Dog Without Feathers
Debora Colcer Dance Company
/UK Premiere May 2019/
‘Dog without Feathers’ is the most primitive, visceral show I’ve ever made’, says the Brazilian choreographer Debora Colcer, in the context of her statement that ‘the human condition, the enigmas of life, the inconceivable in existence’ have become a focus of her work.
Based on of the poem Cão Sem Plumas, Dog Without Feathers, by the Brazilian poet João Cabral de Melo Neto, which Colker chooses as a starting point of her piece, Dog without feathers is a requiem about nature – ‘both geography and human nature’.
But the sentimentality of the subject as a loaded trigger flies into a rage against injury and obedience, and a call for nemesis, which Debora Colker describes in an extraordinary atmospheric collage of motion, moving image, and sound transitions.
A film projected on an enormous screen in the background absorbs the viewer into the matter of physical traces of abondance, despair, and isolation alongside Capibaribe River banks in northeast Brazil, which area ‘hosts’ a clash between devastation and survival, and its dramatism is reinforced by the color scheme, the rotten land, and the cinematic features, which juxtapose close and distant plan, desertion, but ever-lasting presence. The choreographed miss-an-scene simultaneously illustrates the same narrative through movement, conquer of space, and interplay with a cage-resembling set.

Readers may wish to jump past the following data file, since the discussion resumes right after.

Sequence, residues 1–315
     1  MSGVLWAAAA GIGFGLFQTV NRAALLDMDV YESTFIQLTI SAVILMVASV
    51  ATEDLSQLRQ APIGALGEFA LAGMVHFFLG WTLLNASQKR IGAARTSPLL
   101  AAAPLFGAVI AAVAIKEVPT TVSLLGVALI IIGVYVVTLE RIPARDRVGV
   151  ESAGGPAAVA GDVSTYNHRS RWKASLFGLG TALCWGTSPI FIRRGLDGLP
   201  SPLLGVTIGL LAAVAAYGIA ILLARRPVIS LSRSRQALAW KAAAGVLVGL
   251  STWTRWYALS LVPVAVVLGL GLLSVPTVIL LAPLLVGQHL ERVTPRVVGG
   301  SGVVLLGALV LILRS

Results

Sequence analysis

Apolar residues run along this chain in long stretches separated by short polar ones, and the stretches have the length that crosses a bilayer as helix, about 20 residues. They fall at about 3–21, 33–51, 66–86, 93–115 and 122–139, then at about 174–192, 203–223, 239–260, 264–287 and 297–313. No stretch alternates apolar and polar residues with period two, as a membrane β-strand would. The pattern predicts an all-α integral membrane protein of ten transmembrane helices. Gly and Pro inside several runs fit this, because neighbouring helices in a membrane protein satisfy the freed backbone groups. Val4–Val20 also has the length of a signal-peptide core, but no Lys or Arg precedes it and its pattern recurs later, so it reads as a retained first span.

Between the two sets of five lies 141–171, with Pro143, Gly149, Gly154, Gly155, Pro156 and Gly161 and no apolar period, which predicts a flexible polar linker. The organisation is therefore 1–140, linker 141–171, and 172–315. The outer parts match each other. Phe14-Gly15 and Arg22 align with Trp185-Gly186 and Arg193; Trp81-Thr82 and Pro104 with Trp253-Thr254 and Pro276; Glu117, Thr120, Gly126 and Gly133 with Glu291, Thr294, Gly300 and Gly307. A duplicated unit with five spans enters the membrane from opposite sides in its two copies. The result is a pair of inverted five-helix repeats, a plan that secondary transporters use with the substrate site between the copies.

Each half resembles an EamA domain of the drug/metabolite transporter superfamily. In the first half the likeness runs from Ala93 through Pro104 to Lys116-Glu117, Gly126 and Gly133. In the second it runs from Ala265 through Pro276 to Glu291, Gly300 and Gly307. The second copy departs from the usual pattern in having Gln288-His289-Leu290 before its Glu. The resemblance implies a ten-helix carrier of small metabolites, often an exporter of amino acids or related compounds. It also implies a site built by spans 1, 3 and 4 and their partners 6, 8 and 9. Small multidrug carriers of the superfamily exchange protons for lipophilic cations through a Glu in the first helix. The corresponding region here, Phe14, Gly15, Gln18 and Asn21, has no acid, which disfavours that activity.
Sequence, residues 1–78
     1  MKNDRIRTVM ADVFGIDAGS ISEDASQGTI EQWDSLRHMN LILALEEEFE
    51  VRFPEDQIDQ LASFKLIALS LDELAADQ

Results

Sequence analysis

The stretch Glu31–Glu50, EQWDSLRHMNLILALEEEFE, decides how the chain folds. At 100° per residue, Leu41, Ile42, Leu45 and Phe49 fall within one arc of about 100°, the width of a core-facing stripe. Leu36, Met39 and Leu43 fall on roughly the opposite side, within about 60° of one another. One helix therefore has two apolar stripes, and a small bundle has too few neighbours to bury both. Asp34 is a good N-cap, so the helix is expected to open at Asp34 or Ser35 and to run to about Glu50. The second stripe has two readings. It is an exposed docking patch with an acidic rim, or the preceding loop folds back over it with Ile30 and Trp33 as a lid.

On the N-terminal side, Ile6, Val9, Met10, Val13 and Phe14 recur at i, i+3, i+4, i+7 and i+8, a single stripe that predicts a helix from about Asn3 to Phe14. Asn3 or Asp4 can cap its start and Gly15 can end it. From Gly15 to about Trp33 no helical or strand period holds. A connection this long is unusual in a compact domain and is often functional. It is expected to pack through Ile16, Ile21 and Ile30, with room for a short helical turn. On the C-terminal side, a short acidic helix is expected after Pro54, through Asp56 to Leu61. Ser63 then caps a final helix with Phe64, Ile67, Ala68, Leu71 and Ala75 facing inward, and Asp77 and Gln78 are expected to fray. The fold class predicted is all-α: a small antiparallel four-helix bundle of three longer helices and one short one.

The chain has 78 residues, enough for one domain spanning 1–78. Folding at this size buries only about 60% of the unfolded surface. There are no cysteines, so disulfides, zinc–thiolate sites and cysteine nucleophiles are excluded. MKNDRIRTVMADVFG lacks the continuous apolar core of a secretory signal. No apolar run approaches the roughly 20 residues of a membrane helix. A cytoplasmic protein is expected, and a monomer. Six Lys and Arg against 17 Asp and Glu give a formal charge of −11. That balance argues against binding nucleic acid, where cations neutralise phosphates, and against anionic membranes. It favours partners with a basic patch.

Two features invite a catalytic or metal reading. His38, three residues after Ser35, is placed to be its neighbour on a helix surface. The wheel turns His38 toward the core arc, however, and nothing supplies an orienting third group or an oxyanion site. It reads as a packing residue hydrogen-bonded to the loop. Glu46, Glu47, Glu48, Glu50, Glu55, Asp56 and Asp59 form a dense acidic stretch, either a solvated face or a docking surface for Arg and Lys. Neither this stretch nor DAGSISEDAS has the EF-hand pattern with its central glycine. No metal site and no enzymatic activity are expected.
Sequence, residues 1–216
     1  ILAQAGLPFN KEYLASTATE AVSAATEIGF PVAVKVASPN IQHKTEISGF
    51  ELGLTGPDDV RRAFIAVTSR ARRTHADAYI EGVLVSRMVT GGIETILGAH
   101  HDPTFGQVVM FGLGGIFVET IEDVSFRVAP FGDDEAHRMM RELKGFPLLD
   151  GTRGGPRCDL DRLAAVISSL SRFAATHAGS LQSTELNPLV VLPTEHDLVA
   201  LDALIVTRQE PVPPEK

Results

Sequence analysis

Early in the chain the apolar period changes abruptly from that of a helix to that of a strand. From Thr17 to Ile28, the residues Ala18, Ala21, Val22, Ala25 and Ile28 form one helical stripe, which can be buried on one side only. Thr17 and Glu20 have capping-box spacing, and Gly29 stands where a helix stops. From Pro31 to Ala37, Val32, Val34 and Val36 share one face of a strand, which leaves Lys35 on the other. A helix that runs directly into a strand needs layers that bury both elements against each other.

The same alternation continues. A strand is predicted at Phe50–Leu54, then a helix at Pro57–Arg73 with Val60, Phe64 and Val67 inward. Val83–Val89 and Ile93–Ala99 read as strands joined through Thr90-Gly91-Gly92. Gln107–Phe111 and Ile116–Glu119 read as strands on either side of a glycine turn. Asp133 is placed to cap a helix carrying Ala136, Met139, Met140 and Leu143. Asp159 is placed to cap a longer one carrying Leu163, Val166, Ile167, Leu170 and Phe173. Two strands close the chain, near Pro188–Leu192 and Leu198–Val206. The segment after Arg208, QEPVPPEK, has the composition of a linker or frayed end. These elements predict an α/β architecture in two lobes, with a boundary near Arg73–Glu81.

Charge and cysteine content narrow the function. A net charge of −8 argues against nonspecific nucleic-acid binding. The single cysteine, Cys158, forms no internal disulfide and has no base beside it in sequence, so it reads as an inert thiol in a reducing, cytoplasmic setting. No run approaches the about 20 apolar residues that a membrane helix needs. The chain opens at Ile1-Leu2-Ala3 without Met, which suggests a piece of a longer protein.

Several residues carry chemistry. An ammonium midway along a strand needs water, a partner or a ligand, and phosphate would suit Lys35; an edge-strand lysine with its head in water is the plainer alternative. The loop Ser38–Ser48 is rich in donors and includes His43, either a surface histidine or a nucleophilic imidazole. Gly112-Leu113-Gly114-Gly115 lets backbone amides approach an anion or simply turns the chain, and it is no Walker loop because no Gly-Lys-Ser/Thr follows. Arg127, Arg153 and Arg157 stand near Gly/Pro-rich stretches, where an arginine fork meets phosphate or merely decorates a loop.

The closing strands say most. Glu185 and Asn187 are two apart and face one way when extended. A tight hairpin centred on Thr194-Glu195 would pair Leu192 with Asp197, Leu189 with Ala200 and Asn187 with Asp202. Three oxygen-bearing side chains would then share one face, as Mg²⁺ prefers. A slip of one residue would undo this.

The choreography is distinctively characterized by short jerky gestures, extended in broad floating whip alike movements, which seem impossible to achieve unless the figure is spineless. Transition from solo parts to coherent group formations of vivid kinetic particles of flesh and mud piecing together in homogeneous vibrating, pulsating humane-animal mass evokes the idea of an advancing troop or ritualistic procession following more of a rumbling and knocking sound. There is definitely much of a ritual in the stylistics of the choreography, as well as symbolyc appearance of snake or birds, descendent, with no doubt, from the authentic features of Brazilian culture and mythology.
The highlight of the performance is the inhumane embodiment of the dancers, their almost painful precision, and tremendous skills. Those skills, however, are not being perceptible through the elegance of physicality and the purity of nudes, but rather by the figures being disguised, almost disrupted, into the form of animal-like creatures, which menacingly hide in their swamp-refuge. Their bodies and faces - covered with mud – as wearing dry earthy masks of warriors, where the alive piercing look talks about suffering, but a striking commitment. Yet, is this abundance of identity means unifying against collective fatallity? And if so, what is the role of the individual charachter, assembling in a group of three figures?
There is, at times, a conflict between moving image and performance itself, the screen steals the attention away from the performers, and if this is deliberate, it lacks substantiation. At times the narrative becomes vague, the consistency of narrative is dispositioned by an alternation of continuously repetitive sheems, but suddenly the ‘arrival’ of the set transforms the space and bring a new burst and an increasing exaltation.
Doubtlessly, Dog without feathers is a measmarazing synthesis of visual and emotional affection, but it also implicates eternal existential ..., which leaves the audience with the haunting feeling of both admiration and empathy.